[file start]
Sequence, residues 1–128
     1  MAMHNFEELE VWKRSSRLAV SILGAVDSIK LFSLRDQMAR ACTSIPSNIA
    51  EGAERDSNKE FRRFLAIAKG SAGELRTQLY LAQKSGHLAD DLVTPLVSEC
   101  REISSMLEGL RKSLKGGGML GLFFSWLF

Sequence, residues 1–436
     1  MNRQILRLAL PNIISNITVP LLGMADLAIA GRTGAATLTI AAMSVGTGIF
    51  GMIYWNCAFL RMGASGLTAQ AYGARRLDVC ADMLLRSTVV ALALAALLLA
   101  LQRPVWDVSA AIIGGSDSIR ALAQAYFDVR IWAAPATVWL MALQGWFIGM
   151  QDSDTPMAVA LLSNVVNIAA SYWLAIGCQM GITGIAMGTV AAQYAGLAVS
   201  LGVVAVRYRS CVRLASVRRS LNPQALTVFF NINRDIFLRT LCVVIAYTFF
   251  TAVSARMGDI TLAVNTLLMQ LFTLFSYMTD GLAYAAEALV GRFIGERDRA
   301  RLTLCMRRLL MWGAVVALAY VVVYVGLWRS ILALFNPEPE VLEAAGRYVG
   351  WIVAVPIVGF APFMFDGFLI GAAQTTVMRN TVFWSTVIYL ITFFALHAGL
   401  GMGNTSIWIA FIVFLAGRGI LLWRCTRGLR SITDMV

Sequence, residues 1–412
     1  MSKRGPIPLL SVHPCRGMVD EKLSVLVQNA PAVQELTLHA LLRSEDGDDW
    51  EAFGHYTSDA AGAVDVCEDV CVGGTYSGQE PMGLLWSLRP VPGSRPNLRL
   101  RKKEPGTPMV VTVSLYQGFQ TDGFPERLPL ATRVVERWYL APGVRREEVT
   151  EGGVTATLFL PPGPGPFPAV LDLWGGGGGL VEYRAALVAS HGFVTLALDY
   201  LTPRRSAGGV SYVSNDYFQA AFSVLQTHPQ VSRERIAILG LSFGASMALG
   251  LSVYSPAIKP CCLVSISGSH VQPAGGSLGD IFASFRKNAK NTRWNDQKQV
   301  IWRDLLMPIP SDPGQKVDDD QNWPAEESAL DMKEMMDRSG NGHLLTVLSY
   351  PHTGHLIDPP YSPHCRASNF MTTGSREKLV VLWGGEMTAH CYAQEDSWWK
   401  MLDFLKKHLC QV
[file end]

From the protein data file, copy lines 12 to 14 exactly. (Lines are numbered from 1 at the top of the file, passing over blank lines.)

   301  RLTLCMRRLL MWGAVVALAY VVVYVGLWRS ILALFNPEPE VLEAAGRYVG
   351  WIVAVPIVGF APFMFDGFLI GAAQTTVMRN TVFWSTVIYL ITFFALHAGL
   401  GMGNTSIWIA FIVFLAGRGI LLWRCTRGLR SITDMV